Eight Eastern EU members agree to increased payments to next EU budget

German EU Commissioner for budget and human resources Gunther Oettinger
German EU Commissioner for budget and human resources Gunther Oettinger

Krisztina Than

Eight Eastern European EU countries agreed on Friday to support an increase in payments by member states in the bloc’s next long-term budget, to help fill the hole after net contributor Britain leaves.

Ministers and other representatives of Hungary, Poland, the Czech Republic, Slovakia, Slovenia, Croatia, Bulgaria and Romania met in Budapest with the EU’s Budget Commissioner Guenther Oettinger to discuss issues including the bloc’s next budget plan.

The largest source of revenue in the EU’s budget is a uniform percentage levied on the gross national income (GNI) of each member country.

The ex-Communist countries of the east are mostly net recipients of EU funds, and worried that a shortfall in the bloc’s budget would leave them with less cash.

Oettinger said last month that the next EU budget should increase from around 1 percent of EU output to slightly more than 1.1 percent, to make up for funds the bloc will no longer receive from Britain.

Britain’s exit in March next year will deprive Brussels of some 12 billion euros from an annual budget now running around 140 billion euros.

That hole has already prompted a round of sparring between other net contributors in the West, which do not want to make up the shortfall, and the ex-communist Eastern states, which say they should not suffer from cuts in EU subsidies.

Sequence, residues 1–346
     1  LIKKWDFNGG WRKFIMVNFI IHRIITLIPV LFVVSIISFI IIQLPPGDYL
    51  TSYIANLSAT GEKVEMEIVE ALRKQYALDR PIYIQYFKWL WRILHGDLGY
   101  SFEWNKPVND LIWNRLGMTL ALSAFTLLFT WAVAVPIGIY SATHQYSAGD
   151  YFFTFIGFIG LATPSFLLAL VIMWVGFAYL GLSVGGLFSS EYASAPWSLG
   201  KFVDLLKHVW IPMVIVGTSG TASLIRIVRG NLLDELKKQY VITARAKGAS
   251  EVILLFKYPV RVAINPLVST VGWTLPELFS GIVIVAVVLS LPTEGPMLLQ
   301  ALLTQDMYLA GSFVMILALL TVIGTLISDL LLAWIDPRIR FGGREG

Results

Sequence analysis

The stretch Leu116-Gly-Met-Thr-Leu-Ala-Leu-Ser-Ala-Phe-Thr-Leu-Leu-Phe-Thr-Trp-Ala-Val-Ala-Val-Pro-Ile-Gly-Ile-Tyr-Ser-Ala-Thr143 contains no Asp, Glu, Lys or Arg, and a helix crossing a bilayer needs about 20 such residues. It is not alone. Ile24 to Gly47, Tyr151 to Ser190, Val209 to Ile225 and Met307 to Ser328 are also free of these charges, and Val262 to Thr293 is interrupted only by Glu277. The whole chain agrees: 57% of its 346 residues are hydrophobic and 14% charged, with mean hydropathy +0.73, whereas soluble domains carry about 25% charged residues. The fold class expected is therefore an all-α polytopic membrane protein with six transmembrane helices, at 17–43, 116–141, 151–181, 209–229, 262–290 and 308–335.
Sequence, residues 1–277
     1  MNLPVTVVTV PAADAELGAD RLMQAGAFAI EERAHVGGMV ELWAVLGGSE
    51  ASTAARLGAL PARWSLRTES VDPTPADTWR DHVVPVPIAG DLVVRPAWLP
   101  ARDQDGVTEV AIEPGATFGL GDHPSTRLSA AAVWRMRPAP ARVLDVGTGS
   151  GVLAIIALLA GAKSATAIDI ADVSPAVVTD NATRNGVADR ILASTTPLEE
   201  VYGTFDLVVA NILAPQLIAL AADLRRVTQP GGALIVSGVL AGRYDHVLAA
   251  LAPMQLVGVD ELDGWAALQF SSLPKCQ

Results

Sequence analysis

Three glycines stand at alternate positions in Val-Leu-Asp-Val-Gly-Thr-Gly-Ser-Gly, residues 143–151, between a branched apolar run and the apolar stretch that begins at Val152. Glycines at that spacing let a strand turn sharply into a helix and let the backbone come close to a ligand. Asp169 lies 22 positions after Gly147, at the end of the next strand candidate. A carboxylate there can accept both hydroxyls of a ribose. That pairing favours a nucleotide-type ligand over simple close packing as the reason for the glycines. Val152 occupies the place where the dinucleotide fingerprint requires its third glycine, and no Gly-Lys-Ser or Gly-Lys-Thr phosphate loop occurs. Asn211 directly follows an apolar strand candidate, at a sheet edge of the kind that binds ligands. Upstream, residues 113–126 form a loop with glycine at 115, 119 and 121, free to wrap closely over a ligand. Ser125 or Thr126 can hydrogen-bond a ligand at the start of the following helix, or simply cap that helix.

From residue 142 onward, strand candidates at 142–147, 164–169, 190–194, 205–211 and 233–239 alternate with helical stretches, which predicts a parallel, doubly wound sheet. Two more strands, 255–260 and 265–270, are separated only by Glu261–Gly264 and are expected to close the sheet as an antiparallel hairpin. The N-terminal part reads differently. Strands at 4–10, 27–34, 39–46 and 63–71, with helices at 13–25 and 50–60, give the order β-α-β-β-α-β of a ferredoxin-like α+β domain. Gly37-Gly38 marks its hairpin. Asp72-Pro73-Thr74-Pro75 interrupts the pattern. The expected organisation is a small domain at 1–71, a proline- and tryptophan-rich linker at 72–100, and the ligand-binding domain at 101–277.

“The eight countries agreed with the increasing of the GNI-proportionate payment, which is a major success of the day,” Orban’s chief of staff Janos Lazar told a news conference.

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“The eight countries opened the opportunity that the payment should increase even up to 1.1 percent (of gross national income).”

“We are encouraging the Commission to have a very ambitious budget because we need new fresh money for new tasks,” he added.

Oettinger reiterated that once Britain leaves the EU certain budgetary cuts will be necessary.

“I am extremely grateful for the eight member states that they were willing to contribute a bit more,” he told the same press conference.

Lazar said the eastern members expected the EU to reduce bureaucracy and make the budget process simpler, faster and cheaper.

“Cohesion is badly needed. It was successful but it is not over as yet,” Lazar said.

The €12bn shortfall in EU budgets could be filled by increased contributions from Member States, the EU Agriculture Commissioner Phil Hogan has said.

Brexit will leave a €12bn hole in the EU budget, according to Mr Hogan and calls by some Member States to 'beef up' security, defence and migration spend could put increased pressure on CAP funds.

"Some Member States are looking for more policy co-ordination at EU level on these issues and this would require financial support as well," he said.

To fulfill a budget he said the EU would have to ask Member States to contribute more of gross national income from the current 1pc

"If they decided to increase that from 1pc to 1.1pc or 1.2pc as the Budget Commissioner has been asking, that helps enormously in filling the gap in our resources."

Mr Hogan also said that the former EU Commissioner Mario Monti and recommended the EU budget needs reform, both on the revenue and on the expenditure side, to address current challenges and to achieve tangible results for European citizens, and said that these proposals could be considered by Member States too.

"We're all well aware you can't do anything without money and the Commission will present a proposal on the multi financial framework in May 2018," he said, where opportunities to fill the budget gap would be discussed as would reductions in budgets.

Some 44m jobs are directly and indirectly in agriculture across Europe, he said, and as the CAP evolves it becomes more and more a CAP for everyone.

"We need a well funding budget for the CAP, so the policy can continue to deliver the objectives which are in the interests of farmers and society as a whole.

"As the CAP evolves with a greater focus on the provision of public goods it will become more of a CAP for all the people of Europe."


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